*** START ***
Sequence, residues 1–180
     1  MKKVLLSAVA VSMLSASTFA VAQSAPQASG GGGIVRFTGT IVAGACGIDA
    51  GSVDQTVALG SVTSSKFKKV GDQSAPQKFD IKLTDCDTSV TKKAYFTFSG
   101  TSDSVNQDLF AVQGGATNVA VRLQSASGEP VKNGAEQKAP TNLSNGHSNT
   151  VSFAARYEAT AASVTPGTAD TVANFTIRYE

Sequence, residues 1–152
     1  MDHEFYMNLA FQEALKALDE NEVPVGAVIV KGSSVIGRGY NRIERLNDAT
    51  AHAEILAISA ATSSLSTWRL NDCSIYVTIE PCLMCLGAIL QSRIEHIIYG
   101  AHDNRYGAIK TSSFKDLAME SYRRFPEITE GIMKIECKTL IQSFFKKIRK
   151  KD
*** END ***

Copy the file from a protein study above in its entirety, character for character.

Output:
Sequence, residues 1–180
     1  MKKVLLSAVA VSMLSASTFA VAQSAPQASG GGGIVRFTGT IVAGACGIDA
    51  GSVDQTVALG SVTSSKFKKV GDQSAPQKFD IKLTDCDTSV TKKAYFTFSG
   101  TSDSVNQDLF AVQGGATNVA VRLQSASGEP VKNGAEQKAP TNLSNGHSNT
   151  VSFAARYEAT AASVTPGTAD TVANFTIRYE

Sequence, residues 1–152
     1  MDHEFYMNLA FQEALKALDE NEVPVGAVIV KGSSVIGRGY NRIERLNDAT
    51  AHAEILAISA ATSSLSTWRL NDCSIYVTIE PCLMCLGAIL QSRIEHIIYG
   101  AHDNRYGAIK TSSFKDLAME SYRRFPEITE GIMKIECKTL IQSFFKKIRK
   151  KD